In the U.S., lighting homes and businesses accounts for 22% of all electric power consumption (Raloff, 2006). That's $55 billion worth of electricity, or the output of 100 large power plants (Raloff, 2006). How much energy could be saved by switching home lighting from incandescent to more efficient fluorescent lights? Conduct a survey to find out what types of lighting are used in homes in your area. Come up with an estimate of how many light fixtures are used in an average home, what types…
Coal, gas, and oil are energy resources that are not renewable, meaning that once we use up the world's supply of these natural resources there will not be any left. There is a lot of debate about how long these resources will last. One way to ensure that we will not find ourselves in an energy crisis is to develop energy resources that are renewable. Renewable energy is a resource that cannot be used up. Investigate the many uses of renewable energy: solar energy, wind energy,…
Before the Industrial Age, people relied on muscle power for moving and lifting heavy objects. Here's a project that shows you how you can use your head to make heavy lifting easier on your muscles–and your back!
What do knots, maps, mazes, driving directions, and doughnuts have in common? The answer is topology, a branch of mathematics that studies the spatial properties and connections of an object. Topology has sometimes been called rubber-sheet geometry because it does not distinguish between a circle and a square (a circle made out of a rubber band can be stretched into a square) but does distinguish between a circle and a figure eight (you cannot stretch a figure eight into a circle without…
"What?! Many of my toys are also machines?" That's right—simple machines! Simple machines are everywhere! Under your feet when you climb stairs, in your hand when you use a utensil to eat your dinner, even in your arm when you throw a ball. Come visit this science fair project and explore the six types of simple machines. Find out how many are hiding under the hinged lid (yes, another simple machine) of your toy box!
How do you turn a 2-dimensional piece of paper into a 3-dimensional work of art? Origami, the classical art of Japanese paper folding, is loaded with mathematical themes and concepts. What are the common folds in origami, and how do they combine to create 3-dimensional structure? Can you classify different types of origami into classes based upon the types of folds they use? Can you show Kawasaki's Theorem, that if you add up the angle measurements of every other angle around a point, the sum…
Fill a jar a little more than half full with fresh water. Make a solution of salt water, and add a drop or two of food coloring to it. Pour the salt water solution into a plastic cup with a small hole in the bottom, and then place the cup in the jar with fresh water. (The only connection between the fresh and salt water should be via the hole in the bottom of the cup.) With the right combination of hole size and salt concentration, you will see an oscillating current develop in the jar. …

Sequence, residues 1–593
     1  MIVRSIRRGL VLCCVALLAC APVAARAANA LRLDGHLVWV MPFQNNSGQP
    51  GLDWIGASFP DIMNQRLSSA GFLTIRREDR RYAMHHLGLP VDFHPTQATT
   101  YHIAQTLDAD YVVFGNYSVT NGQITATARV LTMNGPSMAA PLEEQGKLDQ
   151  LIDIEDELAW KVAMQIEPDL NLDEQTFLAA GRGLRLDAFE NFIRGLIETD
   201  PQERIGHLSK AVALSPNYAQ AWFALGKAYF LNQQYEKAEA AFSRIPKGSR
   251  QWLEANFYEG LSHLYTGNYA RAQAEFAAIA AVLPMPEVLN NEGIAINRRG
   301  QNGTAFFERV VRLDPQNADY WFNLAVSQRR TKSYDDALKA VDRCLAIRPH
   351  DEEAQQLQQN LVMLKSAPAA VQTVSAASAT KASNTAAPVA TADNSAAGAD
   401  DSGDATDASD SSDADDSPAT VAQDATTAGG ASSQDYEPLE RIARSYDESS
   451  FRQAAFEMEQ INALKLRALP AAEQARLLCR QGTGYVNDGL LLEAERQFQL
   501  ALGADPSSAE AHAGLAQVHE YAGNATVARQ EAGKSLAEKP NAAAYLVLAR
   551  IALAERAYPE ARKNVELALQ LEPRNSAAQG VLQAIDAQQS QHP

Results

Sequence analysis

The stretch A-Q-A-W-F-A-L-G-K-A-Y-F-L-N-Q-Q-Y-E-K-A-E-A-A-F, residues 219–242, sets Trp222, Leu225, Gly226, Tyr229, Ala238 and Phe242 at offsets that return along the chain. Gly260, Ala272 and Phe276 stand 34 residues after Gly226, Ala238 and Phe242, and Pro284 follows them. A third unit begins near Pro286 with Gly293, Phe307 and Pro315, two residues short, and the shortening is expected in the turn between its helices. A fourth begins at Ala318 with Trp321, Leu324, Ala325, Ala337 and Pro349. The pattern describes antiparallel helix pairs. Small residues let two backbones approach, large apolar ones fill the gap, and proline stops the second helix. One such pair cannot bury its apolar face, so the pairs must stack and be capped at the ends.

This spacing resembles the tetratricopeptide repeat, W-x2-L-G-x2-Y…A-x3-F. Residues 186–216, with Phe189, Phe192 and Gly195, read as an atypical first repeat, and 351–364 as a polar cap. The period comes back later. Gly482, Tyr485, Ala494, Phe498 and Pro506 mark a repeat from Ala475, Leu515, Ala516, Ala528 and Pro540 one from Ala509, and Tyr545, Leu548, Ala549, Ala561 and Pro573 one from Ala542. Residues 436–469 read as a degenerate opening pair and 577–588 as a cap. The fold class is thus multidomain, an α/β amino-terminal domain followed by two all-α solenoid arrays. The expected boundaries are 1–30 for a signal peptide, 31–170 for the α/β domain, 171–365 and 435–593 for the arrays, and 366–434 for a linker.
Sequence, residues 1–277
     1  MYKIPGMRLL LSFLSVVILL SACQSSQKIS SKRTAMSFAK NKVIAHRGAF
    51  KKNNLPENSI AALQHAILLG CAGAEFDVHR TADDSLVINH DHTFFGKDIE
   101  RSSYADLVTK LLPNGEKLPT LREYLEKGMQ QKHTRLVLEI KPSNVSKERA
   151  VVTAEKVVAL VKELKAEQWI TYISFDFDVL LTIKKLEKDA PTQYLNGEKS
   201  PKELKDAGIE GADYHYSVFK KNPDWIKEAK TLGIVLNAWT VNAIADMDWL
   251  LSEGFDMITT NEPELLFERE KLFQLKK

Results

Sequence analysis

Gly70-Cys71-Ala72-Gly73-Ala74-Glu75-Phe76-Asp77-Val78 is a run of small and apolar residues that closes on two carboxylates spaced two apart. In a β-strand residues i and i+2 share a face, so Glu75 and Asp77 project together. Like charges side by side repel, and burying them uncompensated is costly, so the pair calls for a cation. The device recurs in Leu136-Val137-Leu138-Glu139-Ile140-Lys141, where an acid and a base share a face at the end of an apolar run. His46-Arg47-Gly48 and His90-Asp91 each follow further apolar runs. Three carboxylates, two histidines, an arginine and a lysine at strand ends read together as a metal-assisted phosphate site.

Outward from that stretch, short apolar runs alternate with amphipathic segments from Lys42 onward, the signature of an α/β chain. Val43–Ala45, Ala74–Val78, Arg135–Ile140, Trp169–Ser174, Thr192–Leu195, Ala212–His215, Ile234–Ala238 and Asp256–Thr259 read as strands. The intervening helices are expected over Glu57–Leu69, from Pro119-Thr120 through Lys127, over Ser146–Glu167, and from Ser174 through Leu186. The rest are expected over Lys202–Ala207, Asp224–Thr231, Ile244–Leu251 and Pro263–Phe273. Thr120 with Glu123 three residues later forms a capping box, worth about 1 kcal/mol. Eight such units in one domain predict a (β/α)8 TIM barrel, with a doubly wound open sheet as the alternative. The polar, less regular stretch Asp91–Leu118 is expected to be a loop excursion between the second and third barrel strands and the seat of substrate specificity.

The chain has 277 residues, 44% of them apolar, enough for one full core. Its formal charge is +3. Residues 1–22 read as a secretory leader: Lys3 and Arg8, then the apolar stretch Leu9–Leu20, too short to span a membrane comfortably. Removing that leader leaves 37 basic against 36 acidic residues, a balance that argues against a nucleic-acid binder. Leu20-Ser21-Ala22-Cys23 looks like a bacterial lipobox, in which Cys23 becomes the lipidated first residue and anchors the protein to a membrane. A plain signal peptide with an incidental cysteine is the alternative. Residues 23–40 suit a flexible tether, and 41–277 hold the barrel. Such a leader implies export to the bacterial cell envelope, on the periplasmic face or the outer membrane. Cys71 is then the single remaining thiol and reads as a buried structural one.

Try different wind turbine/propeller (chord length, pitch) designs by making models from balsa wood. Connect the spinning axle to a DC motor and measure the voltage produced across a resistor to measure power output. Use fan as wind source. (Judge, 2004)
How is geology important for our energy resources? Coal, oil, and natural gas are formed by geological processes over millions of years. Certain geological formations can indicate a reservoir of coal, oil, or natural gas. Also, geothermal processes can be used as an energy resource. How are these formations identified? How are the resources extracted? You can use the to access, view, and download information from geospatial databases containing a broad spectrum of data produced by the…
Did you know that a scientific study has shown that chewing Big Red Gum reduces mouth microbes? (ScienceDaily contributors, 2004) The cinnamon oil in the gum is a natural defense against mouth bacteria that cause tooth decay and bad breath. Conduct an experiment to compare products with cinnamon essence in gum, candy, toothpaste, and mouthwash to see if they can decrease mouth germs. Do a before and after swab of the mouth with a Q-tip. Which treatments work the best? Can you find another…
+ More Details
- Less Details
Long (2-4 weeks)
A basic knowledge of how to work with bacteria is needed to complete this science fair project. Consult the [# ProjectGuide Name="Advanced.MicrobiologyTechniquesampTroubleshooting" Value="HtmlAnchor" HtmlText="Microbiology Techniques and Troubleshooting" #] guide for information on how to conduct microbiology experiments.
Specialty items, like the media to grow bacteria on, can be ordered from [# ProjectGuide Name="Advanced.ApprovedSuppliers" Value="HtmlAnchor" HtmlText="online vendors" #] such as [# Link Name="Advanced.ApprovedSuppliers.2" Value="HtmlAnchor" HtmlText="Carolina Biological Supply Company" #].
Average ($50 - $100)
Use sterile technique. Read the [# ProjectGuide Name="Advanced.MicroorganismsSafetyGuide" Value="HtmlAnchor" HtmlShortTitle="true" #] before starting any experiments. [# ProjectGuide Name="Advanced.ScientificReviewCommitteeSRC" Value="HtmlAnchor" HtmlText="SRC approval" #] may be necessary. Adult supervision is recommended.
You can find this page online at: http://www.sciencebuddies.org/science-fair-projects/search.shtml?v=solt&pi=Energy_p006
You may print and distribute up to 200 copies of this document annually, at no charge, for personal and classroom educational use. When printing this document, you may NOT modify it in any way. For any other use, please contact Science Buddies.